In comparison to the fee-for-service systems, MCO’s competitive moderate fees allow them to exercise significant control over consumers. They emphasize primary care treatment first, and then apply a referral system for patients who require medical specialists or expensive treatments. These referrals require the approval of the organization, and promotes the “gatekeeping” role of primary care physicians to high cost care (Birenbum, 455). These physicians, working under corporate influence, are encouraged to avoid unnecessary resource utilization and are often rewarded financially when they adhere to such practice (Birenbum, 457). Patients may desire special care or treatment from a specific specialist, but the standard coverage of managed care may impede such privilege. The gate-keeping role of the physician implies that only he can order, arrange and provide the patient’s overall health care. MCO’s may also place restrictions on out-of-state coverage (Weitz, 252) and affect the quality of care by limiting particular aspects of health coverage. To consumers, Managed Care raises issues of emergency coverage, restriction of services, specialized care options, overall quality of care and other central matters that affect consumer satisfaction with overall health care coverage.
MCO’s are also marked by their unique level of control over physicians. Their influence on physician autonomy is an important issue to analyze because it imminently affects the quality of health care provided. If you recall, MCO’s pay physicians on a capitation basis, and they also scrutinize their practice through a systematic review (aka, utilization review) that analyzes their performance on cost effectiveness to the organization – hence, a physician may request an expensive diagnostic test, at the risk of being investigated by the organization and perhaps censured for his utilization of resources. Physicians owning their personal diagnostic equipment are more likely to perform tests than those who do not own their equipment (Birenbaum, 465). This may be attributed to the fact that doctors practicing under MCO’s experience considerable, subjective restrictions. Birenbaum states that primary care providers “are encouraged to see the patients with as little frequency as possible, to limit testing, and to make as few referrals to specialists as they can” (Birenbaum, 461). The effect of Managed Care and physician autonomy is an aspect of the system that is often associated with consumer complaints and criticism. Here is one heartbreaking example:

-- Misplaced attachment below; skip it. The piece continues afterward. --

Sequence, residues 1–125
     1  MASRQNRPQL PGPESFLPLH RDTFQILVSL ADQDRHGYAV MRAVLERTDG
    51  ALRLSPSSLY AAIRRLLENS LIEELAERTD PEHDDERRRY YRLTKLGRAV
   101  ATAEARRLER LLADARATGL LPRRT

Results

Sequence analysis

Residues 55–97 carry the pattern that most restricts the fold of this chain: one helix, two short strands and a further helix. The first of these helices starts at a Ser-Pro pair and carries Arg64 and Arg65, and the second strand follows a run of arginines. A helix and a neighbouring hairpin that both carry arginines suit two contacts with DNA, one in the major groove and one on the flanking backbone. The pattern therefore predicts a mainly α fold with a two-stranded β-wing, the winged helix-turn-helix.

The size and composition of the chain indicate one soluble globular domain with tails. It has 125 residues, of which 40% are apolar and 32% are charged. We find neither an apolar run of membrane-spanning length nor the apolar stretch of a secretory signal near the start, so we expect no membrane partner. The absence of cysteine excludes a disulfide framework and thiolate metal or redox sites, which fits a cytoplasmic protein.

Among all the industrialized nations in the world, the US is the only country that does not offer universal health care coverage to its citizens (Weitz, 253); this leads to fundamental concerns regarding MCO’s and their role in citizen’s health rights. The facts indicate that health care in the U.S is a commodity rather than a basic right. For example, today more than 40 million Americans are uninsured, underinsured or precariously insured (Weitz, 241). Although the